I have another question from the studio audience that I would like to take on.
I wonder if you'd agree with me that defining human rights is ultimately an act of social agreement (with input from culture and, hopefully, design principles)? Or do you think a set of objective and well-defined inalienable rights can be reached through reason? (Or as certain theists might phrase it, are human rights as absolute as 2+2=4?)
This is a very popular question. Unfortunately, I think that the question itself contains some mistakes. It is an example of what logicians call a ‘complex question’ – a question of the form “Do you still beat your wife?” The question itself assumes that two things are true that are, in fact, not true. Consequently, the question cannot be answered without first identifying and eliminating those mistakes.
One of the problems with this question can be illustrated by asking a similar question. “Do you think that (the word) ‘dinosaur’ was invented in the 1800s? Or did dinosaurs die out about 65 million years ago?”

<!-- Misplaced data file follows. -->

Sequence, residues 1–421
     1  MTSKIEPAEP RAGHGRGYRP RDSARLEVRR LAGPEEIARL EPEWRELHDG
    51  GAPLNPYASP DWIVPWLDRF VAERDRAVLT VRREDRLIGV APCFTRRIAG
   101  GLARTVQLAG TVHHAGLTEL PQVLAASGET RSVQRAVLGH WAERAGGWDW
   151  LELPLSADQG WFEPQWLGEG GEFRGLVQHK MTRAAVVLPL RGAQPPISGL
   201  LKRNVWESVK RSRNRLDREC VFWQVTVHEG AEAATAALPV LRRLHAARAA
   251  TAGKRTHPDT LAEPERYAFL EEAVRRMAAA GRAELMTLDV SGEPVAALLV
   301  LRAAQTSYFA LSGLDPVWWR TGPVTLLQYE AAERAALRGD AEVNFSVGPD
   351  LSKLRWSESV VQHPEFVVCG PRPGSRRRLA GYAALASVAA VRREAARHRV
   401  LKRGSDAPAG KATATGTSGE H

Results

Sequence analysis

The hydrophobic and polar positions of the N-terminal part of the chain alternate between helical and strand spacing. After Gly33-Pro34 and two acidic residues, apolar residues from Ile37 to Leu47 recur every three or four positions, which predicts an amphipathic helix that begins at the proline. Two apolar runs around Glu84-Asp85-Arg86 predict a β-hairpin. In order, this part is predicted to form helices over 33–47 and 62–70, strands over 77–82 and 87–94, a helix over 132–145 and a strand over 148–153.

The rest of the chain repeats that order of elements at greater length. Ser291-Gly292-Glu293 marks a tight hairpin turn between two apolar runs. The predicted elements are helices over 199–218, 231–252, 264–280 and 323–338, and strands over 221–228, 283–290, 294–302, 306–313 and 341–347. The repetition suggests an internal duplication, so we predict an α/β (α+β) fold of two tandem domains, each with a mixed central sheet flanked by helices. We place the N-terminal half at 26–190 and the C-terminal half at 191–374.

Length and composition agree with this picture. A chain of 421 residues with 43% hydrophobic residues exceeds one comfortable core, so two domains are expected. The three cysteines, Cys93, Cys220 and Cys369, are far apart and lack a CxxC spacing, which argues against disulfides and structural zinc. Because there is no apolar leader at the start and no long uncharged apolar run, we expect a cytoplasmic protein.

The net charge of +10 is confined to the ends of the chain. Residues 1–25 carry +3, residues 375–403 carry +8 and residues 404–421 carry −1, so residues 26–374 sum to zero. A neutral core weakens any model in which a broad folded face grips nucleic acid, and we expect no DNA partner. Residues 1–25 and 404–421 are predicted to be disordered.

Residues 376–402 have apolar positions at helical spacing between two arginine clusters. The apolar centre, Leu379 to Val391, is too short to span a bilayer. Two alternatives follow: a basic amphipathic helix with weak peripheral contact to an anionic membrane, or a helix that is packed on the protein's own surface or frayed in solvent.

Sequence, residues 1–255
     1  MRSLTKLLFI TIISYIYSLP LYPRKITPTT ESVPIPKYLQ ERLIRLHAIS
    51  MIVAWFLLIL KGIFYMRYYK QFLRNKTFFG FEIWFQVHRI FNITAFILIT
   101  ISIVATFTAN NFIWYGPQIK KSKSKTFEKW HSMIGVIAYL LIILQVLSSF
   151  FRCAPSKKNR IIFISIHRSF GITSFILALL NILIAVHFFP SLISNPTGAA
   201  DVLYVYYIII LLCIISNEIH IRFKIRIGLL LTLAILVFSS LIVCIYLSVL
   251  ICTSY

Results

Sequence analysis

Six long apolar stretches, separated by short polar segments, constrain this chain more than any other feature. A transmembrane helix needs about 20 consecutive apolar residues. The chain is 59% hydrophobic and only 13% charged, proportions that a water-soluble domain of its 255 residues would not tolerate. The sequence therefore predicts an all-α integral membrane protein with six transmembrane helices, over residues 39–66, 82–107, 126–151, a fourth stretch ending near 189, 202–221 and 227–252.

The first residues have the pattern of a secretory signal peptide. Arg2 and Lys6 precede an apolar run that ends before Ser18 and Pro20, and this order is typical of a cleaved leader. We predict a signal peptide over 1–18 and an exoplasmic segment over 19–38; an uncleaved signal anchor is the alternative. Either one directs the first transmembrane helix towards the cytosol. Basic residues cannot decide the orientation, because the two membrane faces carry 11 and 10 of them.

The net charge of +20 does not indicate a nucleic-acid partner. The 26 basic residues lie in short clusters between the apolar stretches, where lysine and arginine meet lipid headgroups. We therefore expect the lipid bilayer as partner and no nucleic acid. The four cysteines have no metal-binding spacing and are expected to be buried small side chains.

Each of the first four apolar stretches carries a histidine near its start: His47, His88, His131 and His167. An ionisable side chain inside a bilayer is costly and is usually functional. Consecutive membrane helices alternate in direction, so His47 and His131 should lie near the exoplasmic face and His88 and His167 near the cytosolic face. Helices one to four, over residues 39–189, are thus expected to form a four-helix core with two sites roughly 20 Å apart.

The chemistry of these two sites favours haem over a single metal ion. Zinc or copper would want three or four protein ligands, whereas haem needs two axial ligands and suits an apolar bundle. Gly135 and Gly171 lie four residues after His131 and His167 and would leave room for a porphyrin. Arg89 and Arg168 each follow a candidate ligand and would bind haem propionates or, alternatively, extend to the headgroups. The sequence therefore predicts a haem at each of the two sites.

Before answering this question, one has to ask, “Are we talking about the word ‘dinosaur’, or are we talking about dinosaurs?” Because, these are not the same thing. The word ‘dinosaur’ did not exist until the 1800s. Dinosaurs lived over 65 million years ago. The word ‘dinosaur’ was made by combining the Greek words ‘deino’ (terrible, fearfully great) and ‘sauros’ (lizard). Dinosaurs were made of cells.
When a person asks a question about definitions, they are asking a question about the word. The danger here comes from saying something true about the word that is not true about things in the real world. It is like saying, ‘The word ‘dinosaur’ did not exist before 1840; therefore, there were no dinosaurs in existence before 1840.”